Understanding the difference between offensive and hazardous waste is critical. It’s illegal to mix hazardous waste with any other type of waste material, so knowing how different items and materials are classified is essential, and a legal requirement, when it comes to disposing of waste properly and safely. With waste from the pandemic a common issue for businesses now, everyone has a responsibility to know what to do with waste products.
What’s Deemed Offensive Waste?
Offensive waste is a type of waste that’s non-hazardous but could be unpleasant to deal with. It’s not likely to pose harm to someone who comes into contact with offensive waste, but it could be unhygienic or unsanitary. For example, PPE can be classified as offensive waste, along with healthcare waste like used dressings or items contaminated with bodily fluids, such as nappies or incontinence pads.
Because of the nature of offensive waste, it can’t be disposed of in general waste bins with regular household rubbish. PPE can be disposed of in landfills, but it can’t be collected by general waste collection vehicles, so it needs to be separated.
Throughout the pandemic, PPE and waste accumulated from testing kits have been categorized as offensive and non-hazardous, but they still need to be handled in the right way to minimise the threat of spreading germs and the virus. In these instances, testing kits and used PPE needs to be stored separately before being disposed of at specialist facilities where they can be incinerated safely.
What is Hazardous Waste?
Conversely to offensive waste, hazardous waste can pose a health and safety risk to the individual handling it or the environment once it’s been disposed of, so making sure it’s been removed safely is vital. There are specialist facilities that can identify the waste and handle it properly.
Priority Weee outline what constitutes hazardous waste, explaining that it’s far more than just chemicals: “hazardous waste includes items such as fridges, batteries, print toner, aerosols and cleaning chemicals, along with more obvious examples such as solvents, adhesives, paints and industrial chemicals. Even empty containers of these items are considered a hazard”.
What’s the Impact of Disposing of Waste Incorrectly?
On the surface, it might appear as though offensive and hazardous waste are alike. But from a legal, economic and environmental standpoint, they differ considerably. For this reason, businesses have a responsibility to ensure that the waste they accumulate is evaluated thoroughly and disposed of accordingly.
Waste can be offensive but not necessarily hazardous, such as soiled healthcare waste, which doesn’t pose a threat to human or environmental health but may not be the most pleasant to deal with. General household waste, bathroom rubbish and business industrial waste can also be categorised as non-hazardous in many cases.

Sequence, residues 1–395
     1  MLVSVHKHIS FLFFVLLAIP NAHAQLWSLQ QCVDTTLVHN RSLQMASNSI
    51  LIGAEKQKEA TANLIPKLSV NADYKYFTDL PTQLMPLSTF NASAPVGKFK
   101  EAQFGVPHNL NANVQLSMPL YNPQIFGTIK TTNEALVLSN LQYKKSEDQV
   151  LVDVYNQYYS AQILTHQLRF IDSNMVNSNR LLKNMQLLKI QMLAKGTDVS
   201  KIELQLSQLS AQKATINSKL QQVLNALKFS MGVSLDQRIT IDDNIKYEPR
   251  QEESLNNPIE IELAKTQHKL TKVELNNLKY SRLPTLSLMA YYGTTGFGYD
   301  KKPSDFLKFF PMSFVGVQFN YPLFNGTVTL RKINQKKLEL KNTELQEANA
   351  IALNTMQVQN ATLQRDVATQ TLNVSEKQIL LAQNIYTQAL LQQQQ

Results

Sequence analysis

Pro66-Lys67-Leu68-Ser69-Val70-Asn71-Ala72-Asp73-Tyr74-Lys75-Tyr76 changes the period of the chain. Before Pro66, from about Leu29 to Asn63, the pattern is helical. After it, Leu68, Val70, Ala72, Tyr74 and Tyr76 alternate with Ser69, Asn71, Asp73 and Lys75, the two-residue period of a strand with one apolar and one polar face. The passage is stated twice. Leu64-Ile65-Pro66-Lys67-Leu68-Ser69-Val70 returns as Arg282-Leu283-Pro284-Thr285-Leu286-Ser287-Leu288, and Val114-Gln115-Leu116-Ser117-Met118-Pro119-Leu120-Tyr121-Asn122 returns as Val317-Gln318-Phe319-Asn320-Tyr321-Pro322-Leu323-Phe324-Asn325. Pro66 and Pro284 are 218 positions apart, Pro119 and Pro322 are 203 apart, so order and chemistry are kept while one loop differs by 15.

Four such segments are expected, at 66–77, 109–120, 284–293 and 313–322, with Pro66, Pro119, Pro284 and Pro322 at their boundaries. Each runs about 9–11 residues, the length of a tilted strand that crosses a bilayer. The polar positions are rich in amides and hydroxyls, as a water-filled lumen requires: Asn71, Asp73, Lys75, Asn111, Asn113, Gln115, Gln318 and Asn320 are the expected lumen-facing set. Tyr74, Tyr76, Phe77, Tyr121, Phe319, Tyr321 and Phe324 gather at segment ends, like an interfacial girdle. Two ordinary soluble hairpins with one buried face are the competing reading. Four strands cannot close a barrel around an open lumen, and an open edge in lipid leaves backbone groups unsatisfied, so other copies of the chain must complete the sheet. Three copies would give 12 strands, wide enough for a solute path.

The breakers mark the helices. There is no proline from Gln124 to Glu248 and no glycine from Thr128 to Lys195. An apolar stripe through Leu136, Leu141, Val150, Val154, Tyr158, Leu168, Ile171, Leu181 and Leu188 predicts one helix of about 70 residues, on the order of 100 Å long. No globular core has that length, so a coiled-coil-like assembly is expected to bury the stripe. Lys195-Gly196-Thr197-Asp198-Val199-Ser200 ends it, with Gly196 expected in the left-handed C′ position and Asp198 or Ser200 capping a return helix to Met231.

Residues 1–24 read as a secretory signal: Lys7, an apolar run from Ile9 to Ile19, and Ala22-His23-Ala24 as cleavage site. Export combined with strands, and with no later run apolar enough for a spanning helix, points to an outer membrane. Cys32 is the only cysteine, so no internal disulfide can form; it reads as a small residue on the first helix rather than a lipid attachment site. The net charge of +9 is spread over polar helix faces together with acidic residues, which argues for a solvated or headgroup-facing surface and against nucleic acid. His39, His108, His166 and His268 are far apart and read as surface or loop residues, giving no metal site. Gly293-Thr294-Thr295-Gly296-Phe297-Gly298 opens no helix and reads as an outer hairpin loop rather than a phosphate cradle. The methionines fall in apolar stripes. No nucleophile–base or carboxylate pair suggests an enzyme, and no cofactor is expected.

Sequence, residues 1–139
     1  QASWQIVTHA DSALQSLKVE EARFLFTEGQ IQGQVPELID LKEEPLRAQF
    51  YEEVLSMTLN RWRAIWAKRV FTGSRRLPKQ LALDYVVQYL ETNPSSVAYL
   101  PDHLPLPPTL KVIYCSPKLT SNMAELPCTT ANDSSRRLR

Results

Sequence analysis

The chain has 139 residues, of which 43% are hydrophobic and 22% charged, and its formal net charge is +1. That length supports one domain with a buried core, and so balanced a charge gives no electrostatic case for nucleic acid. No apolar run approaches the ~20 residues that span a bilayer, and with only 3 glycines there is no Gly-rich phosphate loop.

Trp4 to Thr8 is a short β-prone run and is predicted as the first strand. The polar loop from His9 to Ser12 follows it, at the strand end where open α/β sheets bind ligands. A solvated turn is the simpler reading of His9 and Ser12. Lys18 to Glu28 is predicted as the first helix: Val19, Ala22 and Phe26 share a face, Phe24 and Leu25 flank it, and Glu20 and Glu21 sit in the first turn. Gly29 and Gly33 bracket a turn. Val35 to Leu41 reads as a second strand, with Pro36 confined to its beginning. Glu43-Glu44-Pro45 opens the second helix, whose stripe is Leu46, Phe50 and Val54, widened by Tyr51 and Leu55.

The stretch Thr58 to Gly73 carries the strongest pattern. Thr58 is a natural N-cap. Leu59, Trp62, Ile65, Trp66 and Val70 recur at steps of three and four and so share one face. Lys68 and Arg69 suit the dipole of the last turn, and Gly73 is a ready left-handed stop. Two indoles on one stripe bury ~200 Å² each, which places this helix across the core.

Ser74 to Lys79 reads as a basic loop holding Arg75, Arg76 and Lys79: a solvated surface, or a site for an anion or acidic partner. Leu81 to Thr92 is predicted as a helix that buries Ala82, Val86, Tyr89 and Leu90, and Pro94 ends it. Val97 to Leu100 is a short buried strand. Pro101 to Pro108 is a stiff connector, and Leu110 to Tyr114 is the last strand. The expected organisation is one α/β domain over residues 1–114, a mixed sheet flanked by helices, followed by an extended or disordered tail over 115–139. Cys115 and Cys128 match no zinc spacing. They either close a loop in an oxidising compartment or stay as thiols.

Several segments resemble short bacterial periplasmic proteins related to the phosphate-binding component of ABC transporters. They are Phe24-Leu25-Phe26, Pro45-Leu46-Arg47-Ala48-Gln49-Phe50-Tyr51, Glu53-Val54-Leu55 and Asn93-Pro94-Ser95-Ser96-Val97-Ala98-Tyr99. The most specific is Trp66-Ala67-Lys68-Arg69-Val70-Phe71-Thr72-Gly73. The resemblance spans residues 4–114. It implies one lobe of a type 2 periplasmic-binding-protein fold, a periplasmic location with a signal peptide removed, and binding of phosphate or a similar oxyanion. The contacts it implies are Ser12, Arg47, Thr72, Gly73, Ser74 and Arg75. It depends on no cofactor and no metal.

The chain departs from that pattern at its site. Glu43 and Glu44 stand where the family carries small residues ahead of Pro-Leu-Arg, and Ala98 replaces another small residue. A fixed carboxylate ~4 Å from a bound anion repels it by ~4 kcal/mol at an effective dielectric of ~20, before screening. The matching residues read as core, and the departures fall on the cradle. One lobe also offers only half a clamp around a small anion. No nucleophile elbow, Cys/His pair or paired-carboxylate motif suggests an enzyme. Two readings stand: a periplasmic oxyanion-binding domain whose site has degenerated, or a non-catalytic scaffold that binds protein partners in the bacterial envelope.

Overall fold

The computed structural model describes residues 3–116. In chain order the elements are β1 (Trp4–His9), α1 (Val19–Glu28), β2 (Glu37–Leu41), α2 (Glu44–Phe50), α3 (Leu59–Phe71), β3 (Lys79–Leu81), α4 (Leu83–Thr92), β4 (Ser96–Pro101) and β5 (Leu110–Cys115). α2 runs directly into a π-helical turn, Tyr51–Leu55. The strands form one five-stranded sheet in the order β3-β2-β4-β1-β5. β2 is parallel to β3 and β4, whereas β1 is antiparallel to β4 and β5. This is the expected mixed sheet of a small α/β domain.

Hazardous waste needs to be classified accurately though. The Hazardous Waste List is continually updated, and new codes are assigned so that those individuals disposing of this type of waste can detail the waste correctly. But it’s worth noting that it’s not just businesses that are responsible – household hazardous wastes are also included, such as corrosives, chemical-based items, pesticides and electrical items such as car batteries, TVs and computer monitors and refrigerators and freezers. In these cases, the items need to be brought to your local waste recycling centre to be sorted and disposed of in the right way.
Where businesses are concerned, the waste needs to be stored and disposed of with consignment notes and records kept for a minimum of three years. There are various industries and sectors which could be responsible for hazardous waste, such as construction businesses, agricultural companies and industrial firms.
Anything from automotive oils and bituminous coal tar products to asbestos, treated wood, unused medicines and syringes, or pesticides can all be classified as hazardous as they pose a significant risk to human and environmental health. If they’re not disposed of in the right way, not only are businesses at risk of hefty fines and reputational damage but there’s also the risk that the waste could cause injury or illness to those dealing with it, or that it could have negative effects on wildlife and ecosystems.
To keep the general public and our surrounding environments safe, it’s essential that we all do our bit to adhere to the correct waste disposal rules and guidelines. Offensive and hazardous waste may seem closely connected, but they can have considerably different effects on people and the planet, so understanding the difference is imperative.
Daniel Groves achieved a 1st class honours degree in Business Economics. Since graduating, Daniel has collaborated with a number of online publications to further develop his knowledge and share his experience with like-minded entrepreneurs, business owners and growth strategists.